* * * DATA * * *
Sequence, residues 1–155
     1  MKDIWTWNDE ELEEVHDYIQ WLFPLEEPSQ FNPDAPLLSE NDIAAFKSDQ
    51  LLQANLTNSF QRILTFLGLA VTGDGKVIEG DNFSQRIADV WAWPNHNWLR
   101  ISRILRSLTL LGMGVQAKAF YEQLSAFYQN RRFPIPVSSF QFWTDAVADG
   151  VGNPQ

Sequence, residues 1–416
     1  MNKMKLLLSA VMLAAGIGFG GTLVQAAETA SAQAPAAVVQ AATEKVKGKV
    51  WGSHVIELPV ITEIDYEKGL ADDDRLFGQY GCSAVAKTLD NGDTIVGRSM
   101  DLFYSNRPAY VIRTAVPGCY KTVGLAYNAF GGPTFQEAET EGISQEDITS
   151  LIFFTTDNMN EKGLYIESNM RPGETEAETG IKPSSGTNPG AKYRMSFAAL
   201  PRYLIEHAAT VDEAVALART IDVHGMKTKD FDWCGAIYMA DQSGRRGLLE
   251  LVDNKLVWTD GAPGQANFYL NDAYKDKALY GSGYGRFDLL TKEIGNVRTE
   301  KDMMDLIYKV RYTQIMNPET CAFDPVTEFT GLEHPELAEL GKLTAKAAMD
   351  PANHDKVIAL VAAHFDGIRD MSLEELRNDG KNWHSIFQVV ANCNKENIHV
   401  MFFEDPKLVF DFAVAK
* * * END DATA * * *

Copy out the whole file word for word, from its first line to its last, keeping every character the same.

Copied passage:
Sequence, residues 1–155
     1  MKDIWTWNDE ELEEVHDYIQ WLFPLEEPSQ FNPDAPLLSE NDIAAFKSDQ
    51  LLQANLTNSF QRILTFLGLA VTGDGKVIEG DNFSQRIADV WAWPNHNWLR
   101  ISRILRSLTL LGMGVQAKAF YEQLSAFYQN RRFPIPVSSF QFWTDAVADG
   151  VGNPQ

Sequence, residues 1–416
     1  MNKMKLLLSA VMLAAGIGFG GTLVQAAETA SAQAPAAVVQ AATEKVKGKV
    51  WGSHVIELPV ITEIDYEKGL ADDDRLFGQY GCSAVAKTLD NGDTIVGRSM
   101  DLFYSNRPAY VIRTAVPGCY KTVGLAYNAF GGPTFQEAET EGISQEDITS
   151  LIFFTTDNMN EKGLYIESNM RPGETEAETG IKPSSGTNPG AKYRMSFAAL
   201  PRYLIEHAAT VDEAVALART IDVHGMKTKD FDWCGAIYMA DQSGRRGLLE
   251  LVDNKLVWTD GAPGQANFYL NDAYKDKALY GSGYGRFDLL TKEIGNVRTE
   301  KDMMDLIYKV RYTQIMNPET CAFDPVTEFT GLEHPELAEL GKLTAKAAMD
   351  PANHDKVIAL VAAHFDGIRD MSLEELRNDG KNWHSIFQVV ANCNKENIHV
   401  MFFEDPKLVF DFAVAK